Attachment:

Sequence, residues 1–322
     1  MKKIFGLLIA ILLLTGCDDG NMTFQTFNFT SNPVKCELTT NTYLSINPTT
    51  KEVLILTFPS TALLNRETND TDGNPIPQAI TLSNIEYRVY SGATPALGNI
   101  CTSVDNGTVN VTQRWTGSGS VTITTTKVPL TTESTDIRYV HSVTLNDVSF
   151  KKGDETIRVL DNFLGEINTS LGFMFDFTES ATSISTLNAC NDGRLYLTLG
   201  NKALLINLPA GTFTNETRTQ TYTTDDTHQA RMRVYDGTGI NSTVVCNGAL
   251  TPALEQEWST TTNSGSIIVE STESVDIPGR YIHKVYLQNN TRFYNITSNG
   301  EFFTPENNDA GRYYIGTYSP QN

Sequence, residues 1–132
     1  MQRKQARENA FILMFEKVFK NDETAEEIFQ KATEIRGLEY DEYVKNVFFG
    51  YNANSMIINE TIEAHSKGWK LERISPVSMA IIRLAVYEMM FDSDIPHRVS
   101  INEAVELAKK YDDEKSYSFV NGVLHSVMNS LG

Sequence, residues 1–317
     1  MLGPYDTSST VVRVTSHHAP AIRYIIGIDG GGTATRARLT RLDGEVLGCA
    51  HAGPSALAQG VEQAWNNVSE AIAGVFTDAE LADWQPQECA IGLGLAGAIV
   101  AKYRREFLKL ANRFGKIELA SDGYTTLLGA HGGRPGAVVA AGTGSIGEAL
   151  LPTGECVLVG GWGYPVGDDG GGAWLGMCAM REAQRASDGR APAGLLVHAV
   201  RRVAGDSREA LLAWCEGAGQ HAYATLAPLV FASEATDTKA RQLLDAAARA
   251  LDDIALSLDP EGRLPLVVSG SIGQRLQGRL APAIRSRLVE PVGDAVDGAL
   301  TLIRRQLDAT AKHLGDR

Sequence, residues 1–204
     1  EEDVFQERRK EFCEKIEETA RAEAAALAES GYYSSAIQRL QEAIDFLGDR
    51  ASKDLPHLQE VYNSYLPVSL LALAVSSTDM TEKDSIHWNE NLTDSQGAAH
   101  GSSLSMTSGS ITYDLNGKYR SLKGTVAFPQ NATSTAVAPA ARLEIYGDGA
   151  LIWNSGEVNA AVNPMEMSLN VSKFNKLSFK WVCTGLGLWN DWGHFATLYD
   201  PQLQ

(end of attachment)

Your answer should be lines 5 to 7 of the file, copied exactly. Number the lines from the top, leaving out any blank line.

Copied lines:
   151  KKGDETIRVL DNFLGEINTS LGFMFDFTES ATSISTLNAC NDGRLYLTLG
   201  NKALLINLPA GTFTNETRTQ TYTTDDTHQA RMRVYDGTGI NSTVVCNGAL
   251  TPALEQEWST TTNSGSIIVE STESVDIPGR YIHKVYLQNN TRFYNITSNG